From what we can deduce about the ideology and philosophy of Obama’s foreign policy over these past six years and the changes in U.S. foreign diplomacy as a result of them, it seems that the United States has entered a phase of “keeping a low profile.” We can expect that, barring the emergence of an unexpected major international crisis, Obama will continue attempting to stabilize U.S.-China relations, be headstrong in dealing with Russia, continue to suppress extremist forces in the Middle East without committing troops, reduce, but not entirely stop, restrictions on Iran, continue to battle with getting Japan and other countries to sign up for the Trans-Pacific Partnership, promote Trans-Atlantic Trade and Investment Partnership negotiations with countries in the European Union, and try to improve relations with Latin American countries. To put it simply, Obama will continue to stick to his established guidelines.

However, being a U.S. president, Obama has to also abide by the American “orthodoxy.” The United States will never abandon its aspirations to be a global hegemony, but the way it is now going after those goals has changed. On the one hand, it is ambitious, but on the other, it is yielding and retreating. Throughout the final two years of his presidency, Obama intends to perhaps both respect the American “orthodoxy,” while simultaneously pursuing his policy of “keeping a low profile.” The question is, will the global strategy outlined above be applicable only to Obama’s final two years in office, or will it be a continuing trend into the future?

To answer this question, we need to examine both the domestic and external dimensions facing the United States. On the domestic front, both public opinion and a number of U.S. strategists are dissatisfied with the Obama administration’s “pivot to Asia” strategy. Many believe that relationships with European countries are far more important than Asia, while Jewish and other ethnicities with strong religious convictions feel the Middle East (especially Israel) should take priority. Others think the Obama administration is too “lenient” with China, making the U.S. look lame in front of this rising tiger. There are even those that criticize Obama’s weak responses to Russia, his retreat from engaging in Middle East issues, and sitting on his hands while Islamic State group radicals run amok.

Right now at the very least, these opposing voices will do little to dissuade Obama of his present foreign policy direction. But after two years, regardless of whether the Democratic Party or the Republican Party takes control of the White House, the ruling party will certainly want to make some adjustments to the “Obamaism” doctrine. Even if the United States doesn’t completely abandon its “low profile” policy, at the very least it will need to look at taking a more active stance, becoming tougher, and being more prepared to seize upon opportunities. However, Obama’s successor cannot entirely dismiss Obama’s centralist thinking. The U.S. will need to focus on domestic issues, like economic development, social equality, STEM education, and put foreign expansion on the back burner for a while.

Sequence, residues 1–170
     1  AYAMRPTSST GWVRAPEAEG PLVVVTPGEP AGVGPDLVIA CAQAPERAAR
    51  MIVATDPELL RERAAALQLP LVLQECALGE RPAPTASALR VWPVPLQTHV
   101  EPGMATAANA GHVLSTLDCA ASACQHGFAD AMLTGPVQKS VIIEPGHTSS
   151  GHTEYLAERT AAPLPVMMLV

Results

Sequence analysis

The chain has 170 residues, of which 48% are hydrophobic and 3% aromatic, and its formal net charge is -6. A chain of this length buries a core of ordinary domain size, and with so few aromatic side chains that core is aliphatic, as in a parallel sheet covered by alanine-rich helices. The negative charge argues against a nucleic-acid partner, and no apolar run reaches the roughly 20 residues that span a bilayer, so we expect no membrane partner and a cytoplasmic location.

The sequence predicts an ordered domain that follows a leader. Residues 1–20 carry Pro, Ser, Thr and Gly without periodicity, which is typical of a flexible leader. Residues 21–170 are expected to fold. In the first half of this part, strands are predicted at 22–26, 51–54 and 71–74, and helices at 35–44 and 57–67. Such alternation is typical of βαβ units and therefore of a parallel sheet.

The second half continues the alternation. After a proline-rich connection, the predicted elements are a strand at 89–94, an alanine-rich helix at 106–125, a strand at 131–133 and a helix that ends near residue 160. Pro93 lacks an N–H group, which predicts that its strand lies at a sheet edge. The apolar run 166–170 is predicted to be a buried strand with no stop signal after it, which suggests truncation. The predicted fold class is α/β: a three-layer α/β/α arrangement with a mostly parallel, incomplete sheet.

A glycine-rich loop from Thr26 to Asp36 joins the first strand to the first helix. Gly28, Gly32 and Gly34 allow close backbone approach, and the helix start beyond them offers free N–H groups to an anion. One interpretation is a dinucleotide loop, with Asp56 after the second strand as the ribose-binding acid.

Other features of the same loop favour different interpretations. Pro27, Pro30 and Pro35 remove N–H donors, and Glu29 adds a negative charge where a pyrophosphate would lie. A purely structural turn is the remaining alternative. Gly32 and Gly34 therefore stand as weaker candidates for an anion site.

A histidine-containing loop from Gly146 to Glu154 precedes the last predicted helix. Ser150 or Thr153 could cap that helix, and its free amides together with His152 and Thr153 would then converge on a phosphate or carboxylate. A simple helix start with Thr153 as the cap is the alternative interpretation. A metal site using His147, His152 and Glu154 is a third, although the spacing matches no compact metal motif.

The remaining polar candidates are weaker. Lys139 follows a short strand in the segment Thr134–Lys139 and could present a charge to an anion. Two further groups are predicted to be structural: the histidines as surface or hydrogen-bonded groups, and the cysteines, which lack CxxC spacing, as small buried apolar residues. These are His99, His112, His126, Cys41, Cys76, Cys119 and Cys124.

Over the past six years, we have seen the global economy make a slow recovery, and conflict and chaos in the Middle East give birth to extremists everywhere. There has also been the Ukraine crisis, territorial disputes in the South China seas, tensions in Sino-Japanese relations, and the influence of “the return of geopolitics” across the globe, none of which really pose a security or economic risk to the U.S. directly. However, should any major crisis appear, then Obama’s “low profile” policy will definitely be put to the test. First, the United States is trying to lead from behind, while convincing its allies to engage in battles for their own interests (the Islamic State group situation is an example of this), which isn’t easy to do. Second, a number of international observers are concerned that, because the U.S. is making these strength trade-offs, a number of the Asia-Pacific countries that are “sitting on the fence” with regard to relations with China and the USA, might actually end up going over to China’s side.

This so-called “grand strategic plan” that the U.S. is playing on could only work if the world was like an unchanging “chessboard,” and the U.S. was the hand that shifted the “pawns” on it. The policies in this plan are almost like “homeopathic” solutions, and on an international scale, they might end up becoming harmful to long- term U.S. interests. The degree to which “Obamaism” can continue on depends on prevailing world trends, any unexpected emergencies that might arise, and the actions of other players in the international arena. U.S. domestic politics, along with economic development and strategic objectives will all dictate what the U.S. can and will want to do in the future. Its actions will also be dictated to an extent by international developments and the actions initiated toward the United States by others. In short, both the United States and the rest of the world will dictate the malleability of U.S. international affairs. Of these, China’s strategic position on U.S. policies will be pivotal.

The author is a college professor at Beijing University’s International Affairs Department.

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  1. You hit the nail on the head when you wrote that “although the U.S. has not given up on its fantasies of changing the world with its values, in practice, it has focused more on bringing stability to the world order”.
    The corollary to that is that America believes that stability and order in the world can only be achieved when the people of all countries are able to enjoy the basic human values of freedom, equality, democracy, and the rule of law.